There was a time when I spent many hours watching do-it-yourself design shows on HGTV. We were in the pre-pre-planning, pre-planning, planning, and doing stages of our home renovation. I can’t remember the show titles anymore but my favorite ones featured the couples who got halfway through their renovations, ran out of ideas, energy and money, and then called in the TV experts to clean up their mess. I also liked the shows that taught how to make any room look like it was designed by an expert on a shoestring budget.

As I combed through last week’s boxscores on Sunday night, looking for the unsung heroes, my days as an HGTV addict came rushing back. That’s sounds weird, so let me explain.

Between 2002 and 2010, the Minnesota Twins finished first in the American League Central Division six times. They won 94 games in 2010 and were expected to compete for the division title in 2011. But things went horribly awry. The Twins lost 99 games last season, the worst mark for the franchise since 1982, when the team finished 60-102. The starting rotation sported a 4.64 ERA, fifth highest in the majors. Twins relievers combined for a 4.51 ERA, the highest in the league.

Something had to be done.

The first move was firing Twins GM Bill Smith after four years and bringing back former GM Terry Ryan. But with the Twins’ payroll already topping $100 million, money for fixing the Twins’ pitching — especially the bullpen — was scarce. Like turn-over-the-couch-cushions-looking-for-loose-change scarce. But Terry Ryan was an old pro. So just like the design experts on HGTV, he went about re-constructing the Twins bullpen for pennies a day.

Out went Chuck James, Jim Hoey, Phil Dumatrait, and Kyle Waldrop. (Who? Exactly. That’s the point). In came Jeff Gray and Jared Burton. (Who? Exactly. That’s the point). Alex Burnett and Glen Perkins got a new coat of paint and some throw pillows.

Last week was like a designers’ showcase for Ryan’s efforts.

The Twins played seven games between Sunday, June 17 and Sunday, June 24. They won four out of seven.  Nothing to write home about for contending teams, but a 4-3 week for the Twins is better than most weeks this season.

In all four wins, each Twins reliever recorded a positive Win Probably Added (WPA), save for Jeff Gray in one outing. In three of the games, the Twins bullpen kept them in the game long enough to eke out a victory.

On Sunday, June 17, the Twins trailed the Milwaukee Brewers 4-to-1 after six innings. Zack Greinke was on the mound for the Brewers, so things didn’t look good for the Twins. Alex Burnett replaced Twins starter Nick Blackburn in the top of the seventh and retired the heart of the Brewers lineup — Ryan Braun, Aramis Ramirez and Corey Hart — in order.

The Twins rallied for three runs off Greinke in the bottom of the seventh, knotting the score at four. Jared Burton pitched a scoreless eighth. Glen Perkins pitched a scoreless ninth and tenth. Brian Duensling got through the eleventh unscathed. Jeff Gray pitched the next three innings, allowing two walks, one hit and no runs. Anthony Swarzak held the line in the fifteenth inning, and the Twins won it in the bottom of the inning. Eleven innings pitched, six hits, three walks and no runs for the Twins ‘pen.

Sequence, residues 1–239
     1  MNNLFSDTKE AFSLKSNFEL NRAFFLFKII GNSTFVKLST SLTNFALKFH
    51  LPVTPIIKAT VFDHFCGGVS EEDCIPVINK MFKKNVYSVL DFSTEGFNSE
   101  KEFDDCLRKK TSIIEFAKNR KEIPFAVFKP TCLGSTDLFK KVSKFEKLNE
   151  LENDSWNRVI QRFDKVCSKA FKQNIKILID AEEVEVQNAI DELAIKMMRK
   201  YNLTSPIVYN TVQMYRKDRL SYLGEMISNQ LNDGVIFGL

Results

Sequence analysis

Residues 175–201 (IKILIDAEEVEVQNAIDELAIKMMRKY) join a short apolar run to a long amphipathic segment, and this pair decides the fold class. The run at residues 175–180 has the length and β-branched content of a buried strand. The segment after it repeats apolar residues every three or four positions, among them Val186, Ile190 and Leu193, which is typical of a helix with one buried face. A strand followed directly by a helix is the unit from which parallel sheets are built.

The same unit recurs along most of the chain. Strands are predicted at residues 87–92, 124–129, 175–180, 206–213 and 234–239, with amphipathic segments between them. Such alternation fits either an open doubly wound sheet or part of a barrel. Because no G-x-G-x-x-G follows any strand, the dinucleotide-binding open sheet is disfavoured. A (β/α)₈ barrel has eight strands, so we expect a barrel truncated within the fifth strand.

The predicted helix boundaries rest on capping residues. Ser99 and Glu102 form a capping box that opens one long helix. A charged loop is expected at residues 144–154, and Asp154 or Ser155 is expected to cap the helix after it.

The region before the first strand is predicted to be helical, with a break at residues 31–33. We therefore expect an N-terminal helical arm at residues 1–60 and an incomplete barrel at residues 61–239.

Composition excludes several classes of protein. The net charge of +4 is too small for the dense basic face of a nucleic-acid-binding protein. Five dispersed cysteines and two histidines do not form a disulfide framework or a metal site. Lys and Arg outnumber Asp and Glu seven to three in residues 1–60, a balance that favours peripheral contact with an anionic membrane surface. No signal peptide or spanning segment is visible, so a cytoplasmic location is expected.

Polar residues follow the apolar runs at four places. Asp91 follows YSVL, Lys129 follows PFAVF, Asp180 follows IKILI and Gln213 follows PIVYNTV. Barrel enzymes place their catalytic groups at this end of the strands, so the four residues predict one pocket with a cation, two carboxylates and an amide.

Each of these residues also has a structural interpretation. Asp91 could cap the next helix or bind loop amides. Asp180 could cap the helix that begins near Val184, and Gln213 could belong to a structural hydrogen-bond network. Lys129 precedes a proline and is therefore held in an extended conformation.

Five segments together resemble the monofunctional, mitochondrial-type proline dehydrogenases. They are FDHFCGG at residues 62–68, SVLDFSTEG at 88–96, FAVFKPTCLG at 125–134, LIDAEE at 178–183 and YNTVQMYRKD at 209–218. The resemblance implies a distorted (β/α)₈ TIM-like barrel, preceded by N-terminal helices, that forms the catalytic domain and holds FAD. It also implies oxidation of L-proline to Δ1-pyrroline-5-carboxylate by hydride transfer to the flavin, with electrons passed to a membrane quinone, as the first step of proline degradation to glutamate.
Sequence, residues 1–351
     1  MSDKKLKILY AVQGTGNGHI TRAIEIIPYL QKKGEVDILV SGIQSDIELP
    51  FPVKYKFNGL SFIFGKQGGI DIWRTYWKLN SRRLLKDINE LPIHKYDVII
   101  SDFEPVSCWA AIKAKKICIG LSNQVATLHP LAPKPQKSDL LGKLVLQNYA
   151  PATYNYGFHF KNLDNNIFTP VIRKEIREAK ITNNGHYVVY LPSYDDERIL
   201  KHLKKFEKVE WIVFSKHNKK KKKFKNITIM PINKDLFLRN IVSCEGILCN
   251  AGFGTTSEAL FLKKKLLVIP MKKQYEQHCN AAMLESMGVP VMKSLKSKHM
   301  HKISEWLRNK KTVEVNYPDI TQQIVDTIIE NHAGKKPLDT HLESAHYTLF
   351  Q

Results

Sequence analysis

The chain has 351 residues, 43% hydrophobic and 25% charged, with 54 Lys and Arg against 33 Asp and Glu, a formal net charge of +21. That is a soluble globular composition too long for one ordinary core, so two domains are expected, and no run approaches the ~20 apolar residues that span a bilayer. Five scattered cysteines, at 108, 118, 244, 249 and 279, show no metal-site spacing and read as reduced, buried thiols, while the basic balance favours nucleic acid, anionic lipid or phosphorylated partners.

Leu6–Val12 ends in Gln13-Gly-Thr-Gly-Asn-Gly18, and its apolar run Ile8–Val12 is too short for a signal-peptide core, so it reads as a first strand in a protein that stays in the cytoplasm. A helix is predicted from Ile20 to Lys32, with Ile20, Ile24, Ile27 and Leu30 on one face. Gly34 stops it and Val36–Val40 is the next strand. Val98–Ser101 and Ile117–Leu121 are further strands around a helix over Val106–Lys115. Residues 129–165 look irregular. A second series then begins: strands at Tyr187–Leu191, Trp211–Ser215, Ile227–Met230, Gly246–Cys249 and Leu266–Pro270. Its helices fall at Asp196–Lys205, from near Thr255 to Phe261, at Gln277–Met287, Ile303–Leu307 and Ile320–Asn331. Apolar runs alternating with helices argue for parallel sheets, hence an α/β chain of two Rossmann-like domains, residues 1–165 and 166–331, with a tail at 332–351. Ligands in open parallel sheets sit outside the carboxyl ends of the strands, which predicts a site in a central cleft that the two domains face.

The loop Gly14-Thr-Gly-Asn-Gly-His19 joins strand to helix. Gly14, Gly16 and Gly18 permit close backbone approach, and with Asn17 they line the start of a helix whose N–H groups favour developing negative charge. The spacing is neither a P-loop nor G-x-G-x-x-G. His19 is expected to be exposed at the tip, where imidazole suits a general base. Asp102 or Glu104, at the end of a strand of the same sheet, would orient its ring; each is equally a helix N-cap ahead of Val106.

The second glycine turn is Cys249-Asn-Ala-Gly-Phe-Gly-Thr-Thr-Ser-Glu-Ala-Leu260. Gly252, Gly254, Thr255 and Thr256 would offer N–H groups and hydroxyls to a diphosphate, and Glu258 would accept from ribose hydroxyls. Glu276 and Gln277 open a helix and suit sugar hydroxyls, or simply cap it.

Three days later, the Twins were in Pittsburgh. Francisco Liriano started for the Twins and pitched six-and-two thirds, giving up only one run. But with runners on first and second and two outs, Jared Burton came on to face Jose Tabata, who grounded out. The Twins took a 2-to-1 lead in the top of the eighth off a home run by Josh Willingham. Burton pitched the eighth, too, and gave up only a single to Andrew McCutchen, but nothing else, and left the game with the 2-1 lead intact. Glen Perkins closed it out in the ninth.

Two days later, the Twins were in Cincinnati to face the National League Central-leading Reds. Nick Blackburn was back on the bump to start for the Twins, but only last five innings, giving up four runs. Minnesota took a 5-to-4 lead off the Reds’ bullpen in the sixth. Jeff Gray — who’d worked three scoreless against the Brewers on the June 17 — gave up two singles and a walk and recorded only one out before Alex Burnett was called in to put out the fire. Burnett did just that, striking out Devin Mesoraco and getting Todd Frazier to fly out to center field. Burnett pitched a 1-2-3 seventh. Jared Burton pitched a 1-2-3 eighth and Glen Perkins closed it out in the ninth, striking out the last two batters with runners on first and third.

The Twins claimed Gray off waivers from the Seattle Mariners in the offseason and pay him the league minimum. Burnett’s in his third season in the Twins’ bullpen and also makes the league minimum. His walk rate is at the lowest of his career and he’s holding batters to a .214 average. Jared Burton spent several years in the Reds organization, but hasn’t pitched consistently in the majors since 2009. His 5.80 K/BB is the best in the bullpen. He makes $750,000 this season. Perkins is the richest of the bunch. The Twins are paying him $1.5 million this year. He’s striking out more than thirty percent of batters and sports an ERA and FIP below 3.00.

The Twins are 29-42 and in last place in the American League Central. They’ve still got work to do to get back to being the contending team they were in the 2000s. But the low cost re-design of the bullpen is already a winner. That makes Jeff Gray, Jared Burton, Alex Burnett and Glen Perkins our Impact Index Players of the Week.